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Upside Down Under

By Marvin Baker, a new weekly column in The Kenmare News


The Maralinga Experiment

Posted 3/08/17 (Wed)

Between 1956 and 1963, the British performed nuclear tests at a place in South Australia called Maralinga.

It prompted a 1987 movie called “Ground Zero,” about a cinematographer, who prompted by curiosity about some old film footage his father took, tries to find out the truth about what happened at Maralinga.

Reports suggest that 16,000 Australians were exposed to radiation during the tests at Maralinga over those eight years. That included many Aborigines who owned the land where the tests were conducted.

Obviously, Maralinga was contaminated with radiation and the British made an attempt to clean it up in 1967. Eighteen years later, a royal commission delivered a report suggesting that significant radiation hazards remained at many Maralinga testing sites.

At the time of the tests, the tests themselves were under intense secrecy and those who were exposed, were sworn to secrecy or face jail time.

By the 1970s, however, the Australian media began digging into “Britain’s Dirty Deeds at Maralinga.”

They found politicians who would cower at the thought of having to answer questions about Maralinga. They uncovered still significant amounts of radiation hazards, many of which are most likely still there today. And finally, the British government and/or military had no intent to compensate Australia, South Australia, the Aborigines or the military men who were exposed.

The other part of this equation is that Maralinga was a sacred ground of the Aborigine people and when the British decided they were going to make bombs go boom at Maralinga, the Aborigines were relocated to a place called Yalata.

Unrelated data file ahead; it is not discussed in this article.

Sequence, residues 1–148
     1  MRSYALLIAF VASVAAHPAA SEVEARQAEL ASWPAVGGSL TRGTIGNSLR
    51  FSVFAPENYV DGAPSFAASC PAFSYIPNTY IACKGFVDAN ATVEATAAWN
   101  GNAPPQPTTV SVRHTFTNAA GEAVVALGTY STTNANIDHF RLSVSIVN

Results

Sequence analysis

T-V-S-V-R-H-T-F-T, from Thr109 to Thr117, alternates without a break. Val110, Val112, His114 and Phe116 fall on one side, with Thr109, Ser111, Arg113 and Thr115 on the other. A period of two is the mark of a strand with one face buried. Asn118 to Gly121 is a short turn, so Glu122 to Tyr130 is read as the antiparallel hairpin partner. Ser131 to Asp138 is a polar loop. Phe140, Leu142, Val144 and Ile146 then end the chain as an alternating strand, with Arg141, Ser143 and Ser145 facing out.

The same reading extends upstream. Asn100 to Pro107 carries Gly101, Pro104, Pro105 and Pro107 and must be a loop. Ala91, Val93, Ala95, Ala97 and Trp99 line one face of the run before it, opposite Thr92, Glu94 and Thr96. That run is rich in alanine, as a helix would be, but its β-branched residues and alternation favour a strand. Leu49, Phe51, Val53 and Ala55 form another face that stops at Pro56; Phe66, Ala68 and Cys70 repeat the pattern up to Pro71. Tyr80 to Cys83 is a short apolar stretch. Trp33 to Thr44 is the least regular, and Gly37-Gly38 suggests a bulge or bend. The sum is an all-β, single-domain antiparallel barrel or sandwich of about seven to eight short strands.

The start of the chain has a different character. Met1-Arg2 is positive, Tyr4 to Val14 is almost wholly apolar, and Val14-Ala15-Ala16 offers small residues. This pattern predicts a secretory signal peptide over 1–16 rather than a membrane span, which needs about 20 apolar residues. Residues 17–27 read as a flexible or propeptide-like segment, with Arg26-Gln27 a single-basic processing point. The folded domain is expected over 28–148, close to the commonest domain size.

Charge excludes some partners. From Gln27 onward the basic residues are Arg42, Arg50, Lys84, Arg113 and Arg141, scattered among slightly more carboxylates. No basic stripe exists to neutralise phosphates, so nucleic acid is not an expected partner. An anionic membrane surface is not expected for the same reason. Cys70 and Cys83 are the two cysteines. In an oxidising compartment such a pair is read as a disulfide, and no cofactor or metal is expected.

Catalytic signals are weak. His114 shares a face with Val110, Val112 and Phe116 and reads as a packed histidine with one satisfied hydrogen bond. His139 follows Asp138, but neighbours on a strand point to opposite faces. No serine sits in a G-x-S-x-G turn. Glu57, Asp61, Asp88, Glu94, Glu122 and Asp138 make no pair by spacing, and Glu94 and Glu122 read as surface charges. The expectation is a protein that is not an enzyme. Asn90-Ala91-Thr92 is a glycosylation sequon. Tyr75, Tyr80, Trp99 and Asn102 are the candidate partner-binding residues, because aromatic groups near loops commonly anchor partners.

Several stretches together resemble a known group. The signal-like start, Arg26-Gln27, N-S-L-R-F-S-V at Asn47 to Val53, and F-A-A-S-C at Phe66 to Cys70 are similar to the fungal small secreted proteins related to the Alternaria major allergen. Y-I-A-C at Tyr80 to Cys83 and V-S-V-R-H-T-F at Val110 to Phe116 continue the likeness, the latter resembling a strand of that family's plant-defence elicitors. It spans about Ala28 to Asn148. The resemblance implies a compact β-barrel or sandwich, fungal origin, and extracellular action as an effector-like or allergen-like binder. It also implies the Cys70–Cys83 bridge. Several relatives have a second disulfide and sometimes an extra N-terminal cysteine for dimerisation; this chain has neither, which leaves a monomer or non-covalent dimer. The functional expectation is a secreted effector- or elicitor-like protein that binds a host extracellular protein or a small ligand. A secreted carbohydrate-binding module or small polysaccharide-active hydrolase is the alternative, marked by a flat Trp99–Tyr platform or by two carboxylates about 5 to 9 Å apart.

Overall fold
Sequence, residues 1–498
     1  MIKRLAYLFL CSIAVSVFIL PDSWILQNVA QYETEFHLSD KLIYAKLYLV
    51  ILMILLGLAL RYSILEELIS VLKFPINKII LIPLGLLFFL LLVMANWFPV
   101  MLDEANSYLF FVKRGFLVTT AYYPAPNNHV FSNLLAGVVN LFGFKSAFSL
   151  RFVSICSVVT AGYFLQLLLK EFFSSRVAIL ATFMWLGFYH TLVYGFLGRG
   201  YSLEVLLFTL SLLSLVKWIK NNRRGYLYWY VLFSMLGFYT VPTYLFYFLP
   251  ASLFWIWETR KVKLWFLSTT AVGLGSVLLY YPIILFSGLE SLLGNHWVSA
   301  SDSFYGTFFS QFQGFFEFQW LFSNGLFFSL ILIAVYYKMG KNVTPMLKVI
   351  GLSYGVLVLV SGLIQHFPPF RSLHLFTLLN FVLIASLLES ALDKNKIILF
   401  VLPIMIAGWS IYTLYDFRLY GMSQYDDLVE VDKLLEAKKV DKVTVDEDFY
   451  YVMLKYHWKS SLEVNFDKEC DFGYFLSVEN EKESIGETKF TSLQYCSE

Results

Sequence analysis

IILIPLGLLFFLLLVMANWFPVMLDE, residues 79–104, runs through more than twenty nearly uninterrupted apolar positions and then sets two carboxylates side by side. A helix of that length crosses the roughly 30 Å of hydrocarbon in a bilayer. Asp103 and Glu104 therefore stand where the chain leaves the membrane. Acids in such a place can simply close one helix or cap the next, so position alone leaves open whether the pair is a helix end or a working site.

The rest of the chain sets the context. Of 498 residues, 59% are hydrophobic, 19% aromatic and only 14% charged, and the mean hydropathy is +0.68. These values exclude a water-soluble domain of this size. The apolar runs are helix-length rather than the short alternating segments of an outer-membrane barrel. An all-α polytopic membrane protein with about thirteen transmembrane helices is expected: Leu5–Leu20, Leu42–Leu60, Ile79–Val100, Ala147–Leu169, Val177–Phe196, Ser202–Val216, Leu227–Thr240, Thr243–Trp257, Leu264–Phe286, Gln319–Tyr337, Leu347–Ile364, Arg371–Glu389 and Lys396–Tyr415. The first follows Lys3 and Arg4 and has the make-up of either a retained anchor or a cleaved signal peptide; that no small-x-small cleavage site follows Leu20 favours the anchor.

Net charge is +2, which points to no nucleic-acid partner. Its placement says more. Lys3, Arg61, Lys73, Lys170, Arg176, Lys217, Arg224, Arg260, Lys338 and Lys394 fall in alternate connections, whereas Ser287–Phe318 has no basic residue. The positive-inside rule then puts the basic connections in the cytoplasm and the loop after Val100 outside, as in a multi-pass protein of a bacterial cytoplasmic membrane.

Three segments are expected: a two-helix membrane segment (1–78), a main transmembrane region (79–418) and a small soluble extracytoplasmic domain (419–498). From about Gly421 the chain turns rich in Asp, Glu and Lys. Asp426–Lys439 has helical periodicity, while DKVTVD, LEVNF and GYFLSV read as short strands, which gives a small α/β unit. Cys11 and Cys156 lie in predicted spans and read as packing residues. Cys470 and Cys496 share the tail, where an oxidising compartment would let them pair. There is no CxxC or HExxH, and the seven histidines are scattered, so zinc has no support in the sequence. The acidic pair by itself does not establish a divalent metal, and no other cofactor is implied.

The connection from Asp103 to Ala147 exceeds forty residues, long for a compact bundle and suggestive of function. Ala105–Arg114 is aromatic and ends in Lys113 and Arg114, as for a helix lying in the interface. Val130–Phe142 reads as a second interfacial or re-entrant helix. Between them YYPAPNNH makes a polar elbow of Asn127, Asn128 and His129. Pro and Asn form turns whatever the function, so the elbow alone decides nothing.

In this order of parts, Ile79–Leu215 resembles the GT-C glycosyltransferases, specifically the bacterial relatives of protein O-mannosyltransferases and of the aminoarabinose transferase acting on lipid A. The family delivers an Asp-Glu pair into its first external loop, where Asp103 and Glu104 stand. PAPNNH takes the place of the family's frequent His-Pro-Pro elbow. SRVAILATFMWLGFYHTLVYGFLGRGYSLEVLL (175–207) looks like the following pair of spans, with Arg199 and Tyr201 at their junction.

Attempts were made to stop Aborigines from going back to their sacred ground, but that was unsuccessful.

A Department of Veterans’ Affairs study concluded that “Overall, the doses received by Australian participants were small.

Only 2 percent of participants received more than the current Australian annual dose limit for occupationally exposed persons. However, such findings are contested.

Australian servicemen were ordered to repeatedly fly through mushroom clouds from atomic explosions, without protection; and to march into ground zero immediately after bombs detonated.

Airborne drift of radioactive material resulted in “radioactive rain” being dropped on Brisbane and the Queensland countryside.

A 1999 study for the British Nuclear Test Veterans Association found that 30 percent of involved veterans had died, mostly in their 50s, from cancers.

Successive Australian governments failed to compensate servicemen who contracted cancers following exposure to radiation at Maralinga.

However, after a British decision in 1988 to compensate its own servicemen, the Australian government negotiated compensation for several Australian servicemen suffering from two specific conditions, leukemia (except lymphatic leukemia) and the rare blood disorder multiple myeloma.

In addition, the Aboriginal community was finally compensated as well to the tune of $13.5 million to the local Maralinga Tjarutja people.

If you see “Ground Zero,” it will remind you of Area 51 in Nevada. It’s very desolate and is an obvious desert environment. It’s a waste  land so the British thought why not test nukes there?

By 1956, science knew a lot about nuclear exposure and what it does to the human body. Hiroshima and Nagasaki were studied at length in the 11 years since the end of World War II, but the Maralinga tests went on anyway knowing major cities in Adelaide Brisbane and Canberra were close enough to be effected.

That didn’t stop the British because they had to develop a better bomb than the United States or the Soviet Union.

It was a time of great uncertainty as we all found out in October 1962 when Russia and the United States were an arm’s length away from all out nuclear war because of Soviet missiles in Cuba.

There’s a part of the scientific world that is necessary in order to know what risks may be, but what happened at Maralinga was no excuse for the British government or the British military to play dumb. They knew exactly what they were doing.

It’s just too bad that so many Aborigines were displaced and so many cancers were manufactured. What a lesson in science!